Evolving the conversation

Experts from across ISG spoke at the conference, as they discussed how we are revolutionising the delivery of education estates and contributing to the conversation around the education agenda.

Karen Vigar, Education Engagement Manager at ISG, presented on ‘Developing Future Talent with T Levels’, sharing how construction-related T level courses have transformed the technical education landscape to help students develop the essential skills required for the industry. She shared her learnings alongside Ian Ryan from the Department for Education, and student Ellis Taylor, who recently completed his two-year academic qualification with ISG.

‘Case Studies from Scotland & Wales’ saw ISG’s Jane O’Leary, Sector Director for Education, and Rhodri Davies, Senior Sustainability Manager, share learnings from three of our recent Net Zero Carbon in operation projects at: South Point Primary, Vale of Glamorgan; Two Rivers Primary, Keynsham; and Cambridge Institute for Sustainability Leadership’s Entopia Building. Highlighting the challenges in construction and sharing real-time data from their operation, the talk was hailed by attendees as ‘vital to the future success of net zero projects in education’.

Jane O’Leary also chaired a lively debate on inclusive building design. The ‘Neurodiversity in HE Design’ talk highlighted that 94% of the population have physical, cognitive or sensory impairments, in particular neurodiversity. The speakers explored how small changes can make big differences to learning environments, as we evolve inclusive design beyond level thresholds and accessible toilets. 

Our Entopia Building project for the Cambridge Institute for Sustainability Leadership (CISL)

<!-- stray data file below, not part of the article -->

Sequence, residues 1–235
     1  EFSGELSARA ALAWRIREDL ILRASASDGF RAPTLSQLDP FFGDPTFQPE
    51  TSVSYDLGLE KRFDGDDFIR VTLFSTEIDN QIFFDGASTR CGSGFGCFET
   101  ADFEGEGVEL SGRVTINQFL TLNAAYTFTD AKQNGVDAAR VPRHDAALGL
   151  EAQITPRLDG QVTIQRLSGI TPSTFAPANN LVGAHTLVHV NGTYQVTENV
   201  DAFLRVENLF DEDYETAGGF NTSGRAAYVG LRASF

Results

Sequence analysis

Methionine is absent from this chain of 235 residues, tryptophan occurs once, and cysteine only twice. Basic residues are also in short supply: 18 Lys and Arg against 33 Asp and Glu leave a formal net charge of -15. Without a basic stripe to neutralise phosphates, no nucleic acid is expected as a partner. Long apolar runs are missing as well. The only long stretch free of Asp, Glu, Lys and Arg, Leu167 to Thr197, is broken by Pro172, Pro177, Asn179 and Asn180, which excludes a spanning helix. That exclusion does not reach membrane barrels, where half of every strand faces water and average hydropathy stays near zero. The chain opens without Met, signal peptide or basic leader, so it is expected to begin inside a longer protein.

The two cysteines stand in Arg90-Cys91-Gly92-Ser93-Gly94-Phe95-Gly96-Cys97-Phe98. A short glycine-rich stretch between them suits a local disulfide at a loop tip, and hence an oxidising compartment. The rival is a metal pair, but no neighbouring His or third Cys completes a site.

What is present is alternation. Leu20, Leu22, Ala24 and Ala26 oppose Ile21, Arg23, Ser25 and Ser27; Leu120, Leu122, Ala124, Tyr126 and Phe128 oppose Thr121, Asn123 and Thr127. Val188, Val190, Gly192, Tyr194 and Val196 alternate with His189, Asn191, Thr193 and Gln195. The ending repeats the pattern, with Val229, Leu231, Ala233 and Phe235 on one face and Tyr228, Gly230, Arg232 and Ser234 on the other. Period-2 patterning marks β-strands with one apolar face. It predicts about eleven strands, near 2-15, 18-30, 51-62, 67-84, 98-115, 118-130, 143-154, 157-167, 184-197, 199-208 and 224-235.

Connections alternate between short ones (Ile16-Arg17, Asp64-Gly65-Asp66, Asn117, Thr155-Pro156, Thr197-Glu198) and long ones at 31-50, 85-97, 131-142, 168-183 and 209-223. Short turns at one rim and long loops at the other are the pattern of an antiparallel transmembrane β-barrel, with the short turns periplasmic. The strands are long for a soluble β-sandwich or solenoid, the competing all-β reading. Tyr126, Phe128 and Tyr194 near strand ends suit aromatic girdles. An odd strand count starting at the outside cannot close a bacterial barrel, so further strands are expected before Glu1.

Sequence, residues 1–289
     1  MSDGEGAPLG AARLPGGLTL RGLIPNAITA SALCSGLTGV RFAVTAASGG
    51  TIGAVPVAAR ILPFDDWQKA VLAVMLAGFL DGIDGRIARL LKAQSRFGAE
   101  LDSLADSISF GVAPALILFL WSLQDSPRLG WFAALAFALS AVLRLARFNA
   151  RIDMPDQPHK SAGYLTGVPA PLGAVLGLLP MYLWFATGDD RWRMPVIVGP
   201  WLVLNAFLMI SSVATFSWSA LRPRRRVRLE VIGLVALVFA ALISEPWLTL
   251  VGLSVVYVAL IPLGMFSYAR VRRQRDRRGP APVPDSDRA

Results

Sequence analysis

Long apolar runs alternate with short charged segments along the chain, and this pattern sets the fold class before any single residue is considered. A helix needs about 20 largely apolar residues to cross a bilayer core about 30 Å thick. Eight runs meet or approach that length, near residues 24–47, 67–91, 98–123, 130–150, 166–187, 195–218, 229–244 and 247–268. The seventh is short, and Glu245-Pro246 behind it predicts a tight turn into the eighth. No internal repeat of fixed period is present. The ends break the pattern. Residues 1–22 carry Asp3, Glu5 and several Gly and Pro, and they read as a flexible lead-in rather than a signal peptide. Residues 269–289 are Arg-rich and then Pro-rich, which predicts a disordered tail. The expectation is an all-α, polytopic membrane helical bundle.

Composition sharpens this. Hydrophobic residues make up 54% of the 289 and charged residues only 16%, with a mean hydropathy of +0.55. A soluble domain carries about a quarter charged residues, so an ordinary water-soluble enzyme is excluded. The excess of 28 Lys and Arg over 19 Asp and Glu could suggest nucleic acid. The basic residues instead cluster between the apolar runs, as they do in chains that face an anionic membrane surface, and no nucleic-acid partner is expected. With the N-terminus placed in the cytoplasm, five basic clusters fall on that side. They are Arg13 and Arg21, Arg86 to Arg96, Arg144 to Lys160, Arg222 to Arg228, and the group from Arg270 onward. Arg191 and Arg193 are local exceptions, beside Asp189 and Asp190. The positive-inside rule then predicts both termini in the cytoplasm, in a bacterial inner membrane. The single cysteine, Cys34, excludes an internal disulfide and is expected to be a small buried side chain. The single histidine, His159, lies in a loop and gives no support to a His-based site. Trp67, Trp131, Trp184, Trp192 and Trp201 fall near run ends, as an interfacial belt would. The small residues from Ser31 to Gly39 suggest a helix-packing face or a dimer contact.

Award winning 

Our Entopia Building project for the Cambridge Institute for Sustainability Leadership (CISL) won ‘Refurbishment of the Year' at this year’s Education Estates Awards.

CISL’s new headquarters is an exemplar of sustainable innovation, laying the blueprint for how an existing building can be transformed to be highly energy efficient in its redevelopment, use and impact on people and well-being. Thermal bridging and heat loss have been reduced, and the space will make use of high-tech video conferencing facilities and collaborative digital platforms to enable people to work together wherever they are in the world. Wellness features heavily throughout, with open-plan working areas and access to fresh air, natural light, and temperature control.

The £12.8m project in central Cambridge has achieved multiple sustainable building certifications, including BREEAM (Outstanding), the Passivhaus ‘Enerphit’ standard - the first of its kind - Well (Gold) certification, alongside ‘circular economy’ principles to minimise the volume and impact of natural and man-made resources used in the building.

Our Heath Primary School project in Chesterfield was also a finalist at the ceremony.

ISG sponsored the 'developing future talent' stage and contributed to the Education Estates conference programme.